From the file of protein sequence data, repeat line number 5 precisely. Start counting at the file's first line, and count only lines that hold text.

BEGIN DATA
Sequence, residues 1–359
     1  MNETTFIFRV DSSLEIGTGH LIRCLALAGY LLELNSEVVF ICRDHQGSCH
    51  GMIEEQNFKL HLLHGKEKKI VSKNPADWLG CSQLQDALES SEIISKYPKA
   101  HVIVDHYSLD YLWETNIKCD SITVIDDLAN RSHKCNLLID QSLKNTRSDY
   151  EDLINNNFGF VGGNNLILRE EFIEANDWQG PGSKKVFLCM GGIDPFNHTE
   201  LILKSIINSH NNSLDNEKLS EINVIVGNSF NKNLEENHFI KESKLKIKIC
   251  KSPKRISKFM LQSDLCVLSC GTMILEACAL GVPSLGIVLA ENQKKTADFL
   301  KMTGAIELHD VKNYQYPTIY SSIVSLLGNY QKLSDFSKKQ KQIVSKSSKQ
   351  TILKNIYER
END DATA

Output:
   151  EDLINNNFGF VGGNNLILRE EFIEANDWQG PGSKKVFLCM GGIDPFNHTE